Characteristics of Defensive Operations...............................................................8-2
Types of Defensive Operations.............................................................................8-3
Defensive Operations Within the Operational Framework....................................8-8
Conducting Defensive Operations ......................................................................8-12
The Impact of Technology...................................................................................8-18

Chapter 9

STABILITY OPERATIONS...................................................................................9-1
Engagement and Response..................................................................................9-2
Characteristics of Stability Operations ..................................................................9-4
Types of Stability Operations ................................................................................9-6
Considerations for Stability Operations ...............................................................9-14

Chapter 10

SUPPORT OPERATIONS ..................................................................................10-0
Characteristics of Support Operations ................................................................10-0

ii

_________________________________________________________________________________ Contents

Types of Support Operations.............................................................................. 10-1
Forms of Support Operations ............................................................................. 10-4
Considerations for Support Operations ............................................................ 10-13

PART FOUR

ENABLING OPERATIONS

Chapter 11

INFORMATION SUPERIORITY......................................................................... 11-2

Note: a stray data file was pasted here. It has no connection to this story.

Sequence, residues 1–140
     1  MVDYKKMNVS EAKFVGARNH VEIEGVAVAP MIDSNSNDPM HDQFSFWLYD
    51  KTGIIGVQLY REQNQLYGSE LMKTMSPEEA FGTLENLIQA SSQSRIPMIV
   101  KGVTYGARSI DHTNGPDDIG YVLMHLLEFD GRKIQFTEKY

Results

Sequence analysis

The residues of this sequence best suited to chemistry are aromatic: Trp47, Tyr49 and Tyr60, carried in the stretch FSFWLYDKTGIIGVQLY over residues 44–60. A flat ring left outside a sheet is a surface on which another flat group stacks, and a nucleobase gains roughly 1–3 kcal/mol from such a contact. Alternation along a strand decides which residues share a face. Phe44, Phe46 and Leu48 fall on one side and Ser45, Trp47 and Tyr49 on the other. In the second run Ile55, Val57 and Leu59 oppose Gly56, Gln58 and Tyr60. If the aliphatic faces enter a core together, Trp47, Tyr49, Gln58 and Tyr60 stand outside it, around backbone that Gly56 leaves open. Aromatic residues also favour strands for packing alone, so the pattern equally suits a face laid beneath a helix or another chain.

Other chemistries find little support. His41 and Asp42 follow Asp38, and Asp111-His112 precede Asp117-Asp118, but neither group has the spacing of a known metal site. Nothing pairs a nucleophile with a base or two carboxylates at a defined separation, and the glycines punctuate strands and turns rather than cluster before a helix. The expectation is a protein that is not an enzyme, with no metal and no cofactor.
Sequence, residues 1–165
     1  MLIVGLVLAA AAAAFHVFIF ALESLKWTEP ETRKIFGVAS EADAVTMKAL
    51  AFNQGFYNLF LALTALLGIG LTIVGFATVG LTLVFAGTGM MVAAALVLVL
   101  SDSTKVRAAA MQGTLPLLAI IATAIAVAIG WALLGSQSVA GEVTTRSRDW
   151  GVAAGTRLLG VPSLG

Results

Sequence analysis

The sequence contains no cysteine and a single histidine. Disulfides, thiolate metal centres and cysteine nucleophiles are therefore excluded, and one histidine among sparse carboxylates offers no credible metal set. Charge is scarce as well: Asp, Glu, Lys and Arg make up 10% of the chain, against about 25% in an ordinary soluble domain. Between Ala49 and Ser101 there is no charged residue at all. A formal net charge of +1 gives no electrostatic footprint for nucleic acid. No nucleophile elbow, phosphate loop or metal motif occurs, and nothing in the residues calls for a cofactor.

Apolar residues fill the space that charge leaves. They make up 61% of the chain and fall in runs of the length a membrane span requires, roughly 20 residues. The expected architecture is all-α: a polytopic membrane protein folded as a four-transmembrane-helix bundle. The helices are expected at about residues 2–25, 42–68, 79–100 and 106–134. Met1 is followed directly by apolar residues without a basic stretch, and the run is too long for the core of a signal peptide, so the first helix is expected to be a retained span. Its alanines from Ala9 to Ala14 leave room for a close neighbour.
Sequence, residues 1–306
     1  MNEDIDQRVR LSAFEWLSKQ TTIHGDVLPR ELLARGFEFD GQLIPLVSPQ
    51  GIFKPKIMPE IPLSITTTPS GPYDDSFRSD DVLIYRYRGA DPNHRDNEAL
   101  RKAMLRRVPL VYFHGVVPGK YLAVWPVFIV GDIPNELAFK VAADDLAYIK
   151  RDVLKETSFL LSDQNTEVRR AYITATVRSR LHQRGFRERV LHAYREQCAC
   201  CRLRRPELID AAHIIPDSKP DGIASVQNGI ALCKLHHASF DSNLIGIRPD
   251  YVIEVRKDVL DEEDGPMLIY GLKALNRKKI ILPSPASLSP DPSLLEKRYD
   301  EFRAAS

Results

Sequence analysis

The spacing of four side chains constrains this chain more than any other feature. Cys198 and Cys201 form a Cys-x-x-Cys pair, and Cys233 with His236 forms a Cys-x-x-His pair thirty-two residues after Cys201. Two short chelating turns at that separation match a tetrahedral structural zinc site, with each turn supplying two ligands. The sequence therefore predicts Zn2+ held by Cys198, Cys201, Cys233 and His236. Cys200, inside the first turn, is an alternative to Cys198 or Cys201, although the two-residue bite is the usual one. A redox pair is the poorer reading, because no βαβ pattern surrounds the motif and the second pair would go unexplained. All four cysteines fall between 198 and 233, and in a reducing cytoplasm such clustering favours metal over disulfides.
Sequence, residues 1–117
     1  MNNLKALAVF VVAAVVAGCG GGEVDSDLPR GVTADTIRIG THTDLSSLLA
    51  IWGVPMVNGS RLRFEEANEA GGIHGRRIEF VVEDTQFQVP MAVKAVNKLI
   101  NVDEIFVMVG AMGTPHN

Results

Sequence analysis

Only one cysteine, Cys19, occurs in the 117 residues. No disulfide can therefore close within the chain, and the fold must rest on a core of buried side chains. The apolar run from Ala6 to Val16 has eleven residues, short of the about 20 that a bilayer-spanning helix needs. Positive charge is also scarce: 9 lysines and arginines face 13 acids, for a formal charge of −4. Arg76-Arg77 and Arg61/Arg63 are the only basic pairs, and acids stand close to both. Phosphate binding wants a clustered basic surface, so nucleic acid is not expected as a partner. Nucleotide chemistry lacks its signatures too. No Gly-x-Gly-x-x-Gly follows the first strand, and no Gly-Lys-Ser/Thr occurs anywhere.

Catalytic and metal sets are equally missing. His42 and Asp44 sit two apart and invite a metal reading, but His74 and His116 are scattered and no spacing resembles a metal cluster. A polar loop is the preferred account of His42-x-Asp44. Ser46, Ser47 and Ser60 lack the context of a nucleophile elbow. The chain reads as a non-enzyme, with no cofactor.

Characteristics of Information Superiority........................................................... 11-3
The Information Environment ............................................................................. 11-4
Contributors to Information Superiority............................................................... 11-5
Planning and Preparing to Achieve Information Superiority ............................. 11-20
Information Superiority Execution..................................................................... 11-22
The Impact of Technology ................................................................................ 11-23

Chapter 12

COMBAT SERVICE SUPPORT......................................................................... 12-1
Purpose of Combat Service Support .................................................................. 12-2
Combat Service Support Characteristics............................................................ 12-3
Combat Service Support Functions.................................................................... 12-4
Combat Service Support Planning and Preparation ........................................... 12-5
Combat Service Support Execution.................................................................. 12-11
The Impact of Technology ................................................................................ 12-19
SOURCE NOTES............................................................................. Source Notes-1
GLOSSARY.............................................................................................. Glossary-1
BIBLIOGRAPHY .................................................................................Bibliography-0